Nannup Valley Resort was our third accommodation throughout our travels. While in the area we went four-wheeling. On the way to our next location we stopped at Wave Rock and Kojonup.

Nannup Valley Resort

We stayed at Nannup Valley Resort for two nights. This is a small resort with four cabins similar to the one above that housed eight people. There were also three small chalets where the teachers stayed. While in Nannup Valley we went four-wheeling on the sand dunes with our magnificent guides, Terry and Ant Old. Below are some of our pictures.


Out here, there is a beach for everyone, if there is merely one other car in sight, the beach is to crowded and you keep on driving.

It is hard to tell in this picture, but this is us going down a steep hill in the four-wheeler.

Group One. There were only two trucks, so we had to split into two groups, this is the first group that went. Poor Pete, he was the only boy in this group.

The men. Joey and Joe were the only other two boys on the trip along with our bus driver Dave and Ant, one of the four-wheeling drivers.

And here are the rest of the girls that went in the second group.

Not only were the cliffs fun to drive off of, they were also really fun to jump off of!

These sand dunes stretched for miles. At one point in time, they were underwater and served as the coast line of Australia. Now, they are several miles away from the ocean.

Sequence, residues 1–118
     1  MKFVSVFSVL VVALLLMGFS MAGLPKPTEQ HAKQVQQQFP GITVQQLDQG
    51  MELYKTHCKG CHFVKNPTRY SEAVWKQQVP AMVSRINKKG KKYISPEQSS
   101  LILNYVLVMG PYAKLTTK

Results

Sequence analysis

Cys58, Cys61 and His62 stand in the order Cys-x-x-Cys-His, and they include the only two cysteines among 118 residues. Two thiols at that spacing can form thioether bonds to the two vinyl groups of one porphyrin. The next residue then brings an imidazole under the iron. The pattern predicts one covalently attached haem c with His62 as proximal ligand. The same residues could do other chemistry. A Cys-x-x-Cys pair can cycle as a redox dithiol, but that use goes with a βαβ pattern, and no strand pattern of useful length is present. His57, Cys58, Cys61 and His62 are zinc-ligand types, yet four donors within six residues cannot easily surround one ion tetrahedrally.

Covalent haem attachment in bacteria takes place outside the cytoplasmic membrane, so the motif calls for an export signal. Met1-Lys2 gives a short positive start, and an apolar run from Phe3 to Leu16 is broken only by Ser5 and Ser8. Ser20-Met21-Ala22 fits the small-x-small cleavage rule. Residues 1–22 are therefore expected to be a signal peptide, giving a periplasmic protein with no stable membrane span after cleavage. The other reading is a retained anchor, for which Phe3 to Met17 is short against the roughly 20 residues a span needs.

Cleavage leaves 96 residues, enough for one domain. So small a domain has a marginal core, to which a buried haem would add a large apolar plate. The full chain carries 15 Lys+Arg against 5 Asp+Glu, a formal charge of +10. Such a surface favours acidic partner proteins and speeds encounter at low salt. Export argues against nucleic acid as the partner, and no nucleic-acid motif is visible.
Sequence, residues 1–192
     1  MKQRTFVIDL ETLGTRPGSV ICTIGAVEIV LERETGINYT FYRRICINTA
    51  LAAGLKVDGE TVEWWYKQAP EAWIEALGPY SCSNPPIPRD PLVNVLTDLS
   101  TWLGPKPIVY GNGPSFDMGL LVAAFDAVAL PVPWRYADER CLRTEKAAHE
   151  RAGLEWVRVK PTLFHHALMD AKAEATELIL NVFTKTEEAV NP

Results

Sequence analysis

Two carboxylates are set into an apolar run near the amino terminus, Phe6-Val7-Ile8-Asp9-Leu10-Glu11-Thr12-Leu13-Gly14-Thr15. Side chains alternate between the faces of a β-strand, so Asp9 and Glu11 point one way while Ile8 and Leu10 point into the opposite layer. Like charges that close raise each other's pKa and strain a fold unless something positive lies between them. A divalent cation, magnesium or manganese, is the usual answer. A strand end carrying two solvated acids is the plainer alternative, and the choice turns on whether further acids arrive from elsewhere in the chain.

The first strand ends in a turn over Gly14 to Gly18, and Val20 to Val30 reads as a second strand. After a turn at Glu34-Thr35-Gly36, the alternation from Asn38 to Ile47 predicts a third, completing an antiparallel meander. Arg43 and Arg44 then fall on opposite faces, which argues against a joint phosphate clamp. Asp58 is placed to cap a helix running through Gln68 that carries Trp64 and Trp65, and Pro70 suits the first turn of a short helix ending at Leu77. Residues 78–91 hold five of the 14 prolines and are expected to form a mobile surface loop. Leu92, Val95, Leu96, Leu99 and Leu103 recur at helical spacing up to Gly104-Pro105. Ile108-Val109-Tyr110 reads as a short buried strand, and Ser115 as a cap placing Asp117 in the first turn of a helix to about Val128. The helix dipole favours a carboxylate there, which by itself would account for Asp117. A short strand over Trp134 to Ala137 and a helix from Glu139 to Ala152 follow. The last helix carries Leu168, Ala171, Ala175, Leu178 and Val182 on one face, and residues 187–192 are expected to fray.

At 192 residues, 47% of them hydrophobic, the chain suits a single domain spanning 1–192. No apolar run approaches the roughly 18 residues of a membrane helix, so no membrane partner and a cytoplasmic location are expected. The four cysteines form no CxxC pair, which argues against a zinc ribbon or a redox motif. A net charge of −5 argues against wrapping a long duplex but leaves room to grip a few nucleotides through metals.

Survivor: Australia style. While some lay out on the dirt road, others played Survivor to see who could stand on the log the longest. This was definitely a challenge, because the flies were HORRIBLE!

Ever lie out on a dirt road in the middle of Australia?

Since there were only two cars, and 32 of us, we had to wait our turn.

Wave Rock

Wave rock was formed under the earth's surface from molten lava, and eventually hardened to be a large granite rock formation shaped like a wave. Slowly, as the earth's surface began to erode, the wave appeared. For a long period of time the wave was a natural waterfall when it rained. Since it was a natural waterhole, it was used as a meeting place for the Aboriginal people. The wave became a very important and sacred location for the Aboriginal people. The history of the Aboriginal people in this area stops in the early 1800's because this is when they fled and a curse was placed upon the entire area.

The wave is 15 meters high and 110 meters long.
This is the view from the top of the wave out into the vast open lands of Australia.

This is Hippos Yawn. This was a women's spot for the Aboriginal people.

This is one of the carved out rocks that lie around Wave Rock. Inside are red hand prints that indicated boundaries for various Aboriginal tribes.

Some of the girls in front of the wave.

Our wonderful professors.


*Click on our class picture for a bigger view

The Kodja Place

This museum was the winner of the Western Australia Museum of the Year in 2003. The building is architecturally designed to look like an axe and inform people of all races about the historical importance of Noongar and Wadjela cultures and the town. Here, you learn of the hardships of the Aboriginal people and their struggle through the reconciliation process.

Nearby to the museum is the meeting place for several Aboriginal tribes. It is said that the settlers massacred the Aboriginal people who were here having a meeting one night. The building of the museum and the accepting of the Aboriginal culture has helped some Aboriginal decedents to accept the reconciliation process taking place but it does not rid them of the pain their ancestors endured.